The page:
I believe CRT-based devices should be able to display all sources in whatever resolution they are being fed, although I believe they can also upconvert such signals to their native resolution. Those who know more about HD CRT displays will doubtless correct me or expand on this if I've got this wrong or left out anything important. [​IMG]

    Finally, if I have one of the 1080p TVs currently on the market appear to accept 1080i and convert it to 1080p, what will these TVs do with a 1080p input signal if devices start outputing in that format?

    The answer is either "no" or "nobody knows" or "maybe with an external adapter/processor". [​IMG]

    It is strongly suspected that many current sets will not accept a 1080p signal. It is claimed by some manufacturers that their sets will but this hasn't been put to the test yet, because there are so few 1080p sources out there and standards are still evolving. Finally it may or may not be possible (or cost effective) to use an external device to mate future 1080p sources to current display devices.

    Because of all this uncertainty, and because I had to replace my main HT TV this year and could not afford to wait, I elected to save some money and buy a 720p D-ILA (LCoS) set. I'm not going to get into hi-def DVD for at least a couple of years, so my primary sources are going to be 480i SDTV, 720p HDTV, 1080i HDTV and 480p DVD. With that mix 720p is probably the best compromise. With the money I saved i bought LCD TV/PC monitors my bedroom and home office. If I go to 1080p in the living room in a few years I'll move the D-ILA to the office, the bigger LCD-TV to the bedroom and give the other away.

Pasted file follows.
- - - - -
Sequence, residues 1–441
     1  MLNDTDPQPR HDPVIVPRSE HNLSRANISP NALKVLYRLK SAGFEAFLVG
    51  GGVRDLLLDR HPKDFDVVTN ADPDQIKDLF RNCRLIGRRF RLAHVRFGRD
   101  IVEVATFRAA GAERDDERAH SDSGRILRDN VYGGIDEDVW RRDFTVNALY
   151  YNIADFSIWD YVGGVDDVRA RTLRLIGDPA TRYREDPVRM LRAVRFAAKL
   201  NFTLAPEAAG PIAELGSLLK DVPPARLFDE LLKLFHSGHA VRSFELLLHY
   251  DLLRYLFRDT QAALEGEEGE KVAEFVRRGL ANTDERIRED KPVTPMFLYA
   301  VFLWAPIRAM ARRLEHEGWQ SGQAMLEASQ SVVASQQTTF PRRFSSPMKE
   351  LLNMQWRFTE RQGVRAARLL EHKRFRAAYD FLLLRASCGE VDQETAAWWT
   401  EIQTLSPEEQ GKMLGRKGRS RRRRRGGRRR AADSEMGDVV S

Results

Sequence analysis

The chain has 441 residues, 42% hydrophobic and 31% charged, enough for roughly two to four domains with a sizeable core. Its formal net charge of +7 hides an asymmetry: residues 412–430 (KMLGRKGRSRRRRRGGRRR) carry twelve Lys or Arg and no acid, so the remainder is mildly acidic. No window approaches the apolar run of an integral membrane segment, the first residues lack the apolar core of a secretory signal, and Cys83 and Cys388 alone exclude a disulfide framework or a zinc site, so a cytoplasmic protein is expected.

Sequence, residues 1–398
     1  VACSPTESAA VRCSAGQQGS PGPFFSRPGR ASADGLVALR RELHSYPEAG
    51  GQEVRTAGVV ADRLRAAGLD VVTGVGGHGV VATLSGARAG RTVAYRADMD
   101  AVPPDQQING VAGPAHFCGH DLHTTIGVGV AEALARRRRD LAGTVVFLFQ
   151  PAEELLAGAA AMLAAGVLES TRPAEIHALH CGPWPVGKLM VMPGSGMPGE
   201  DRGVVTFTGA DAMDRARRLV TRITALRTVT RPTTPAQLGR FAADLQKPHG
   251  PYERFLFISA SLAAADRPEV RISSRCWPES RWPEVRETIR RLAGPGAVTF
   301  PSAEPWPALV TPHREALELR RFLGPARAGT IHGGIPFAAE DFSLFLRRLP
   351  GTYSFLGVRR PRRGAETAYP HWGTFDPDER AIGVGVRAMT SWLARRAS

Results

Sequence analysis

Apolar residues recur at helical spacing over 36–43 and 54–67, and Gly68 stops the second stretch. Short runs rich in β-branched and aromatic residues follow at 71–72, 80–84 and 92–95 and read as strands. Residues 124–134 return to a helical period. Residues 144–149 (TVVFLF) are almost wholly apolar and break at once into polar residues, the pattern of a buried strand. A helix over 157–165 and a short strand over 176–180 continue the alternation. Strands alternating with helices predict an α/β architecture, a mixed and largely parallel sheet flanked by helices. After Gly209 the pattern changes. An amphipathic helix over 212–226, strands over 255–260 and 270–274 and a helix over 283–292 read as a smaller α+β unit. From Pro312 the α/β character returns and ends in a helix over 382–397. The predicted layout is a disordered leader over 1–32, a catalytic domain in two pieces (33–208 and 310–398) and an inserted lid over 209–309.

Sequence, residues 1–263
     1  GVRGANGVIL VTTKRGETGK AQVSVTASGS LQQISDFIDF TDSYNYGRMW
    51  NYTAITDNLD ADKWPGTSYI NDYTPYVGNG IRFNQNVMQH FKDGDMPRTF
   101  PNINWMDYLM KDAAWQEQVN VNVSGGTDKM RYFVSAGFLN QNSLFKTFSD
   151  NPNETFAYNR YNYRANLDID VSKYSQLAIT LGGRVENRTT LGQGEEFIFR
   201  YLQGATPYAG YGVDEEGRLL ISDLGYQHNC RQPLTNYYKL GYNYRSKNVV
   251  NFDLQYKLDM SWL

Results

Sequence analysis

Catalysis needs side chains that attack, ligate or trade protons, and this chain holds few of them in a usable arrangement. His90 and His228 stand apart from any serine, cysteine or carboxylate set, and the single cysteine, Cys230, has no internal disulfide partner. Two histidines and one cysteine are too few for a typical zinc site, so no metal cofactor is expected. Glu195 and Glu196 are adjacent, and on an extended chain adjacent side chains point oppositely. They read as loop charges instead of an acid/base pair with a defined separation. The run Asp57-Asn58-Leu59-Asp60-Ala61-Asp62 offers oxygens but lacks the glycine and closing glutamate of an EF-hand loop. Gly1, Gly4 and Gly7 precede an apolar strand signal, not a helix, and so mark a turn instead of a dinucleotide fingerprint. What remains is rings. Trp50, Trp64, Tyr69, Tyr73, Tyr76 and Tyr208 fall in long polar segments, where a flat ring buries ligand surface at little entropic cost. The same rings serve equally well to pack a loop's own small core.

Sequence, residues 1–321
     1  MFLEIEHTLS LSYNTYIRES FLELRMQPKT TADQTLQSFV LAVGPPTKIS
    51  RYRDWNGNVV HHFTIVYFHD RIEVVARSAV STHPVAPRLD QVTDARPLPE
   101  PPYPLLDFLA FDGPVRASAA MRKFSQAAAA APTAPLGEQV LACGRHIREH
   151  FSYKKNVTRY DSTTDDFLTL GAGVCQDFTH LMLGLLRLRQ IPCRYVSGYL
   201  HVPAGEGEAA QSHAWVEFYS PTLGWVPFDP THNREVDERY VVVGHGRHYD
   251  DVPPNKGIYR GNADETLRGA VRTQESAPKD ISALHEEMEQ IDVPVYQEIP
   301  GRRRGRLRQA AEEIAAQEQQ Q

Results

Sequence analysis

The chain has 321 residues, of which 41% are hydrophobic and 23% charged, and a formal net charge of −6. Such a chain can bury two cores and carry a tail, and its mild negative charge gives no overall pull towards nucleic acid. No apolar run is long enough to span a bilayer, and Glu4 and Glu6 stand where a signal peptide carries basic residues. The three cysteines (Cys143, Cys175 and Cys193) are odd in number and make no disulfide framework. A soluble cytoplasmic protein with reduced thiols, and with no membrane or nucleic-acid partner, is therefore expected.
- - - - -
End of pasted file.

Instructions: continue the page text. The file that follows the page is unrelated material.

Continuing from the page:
Regards,

    Joe
     
  7. bernard_m

    bernard_m Auditioning

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    Thanks. This helps a lot with my understanding but unfortunately not my decidion [​IMG]

    I can get some pretty good deals on Samsung 720p and 1080p models (2K for a Samsung HLR5667W, and 3K for a Samsung HLR5668W), but they both stand a chance of not being able to handle 1080p inputs down the road. Also I am uneasy about long term quality of DLP because of the light wheel (a moving part to break in 2 years) and the light (lots of heat, power, and replacement costs every 2 years). Plasma and SXRD are over my budget for a decent sized set.

    Oh well, I have a Toshiba 55H70 that is still doing well, so I guess I will sit tight and see how things settle out.
     
  8. Joseph DeMartino

    Joseph DeMartino Lead Actor

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    SXRD is Sony's implementation of LCoS. D-ILA is JVC's. They have a 1080p set available (though not all retailers are carrying it yet) in a 52" and 56" size. Even the 56" is cheaper than Sony's SXRD 50".

    I've never had a chance to compare the two side-by-side, and Best Buy wasn't carrying the 1080p version when I was ready to buy in November (and it would have been over my budget anyway.) But I certainly lke my 56" 720p version, which I think looks great.

    Regards,

    Joe
     
  9. RAF

    RAF Lead Actor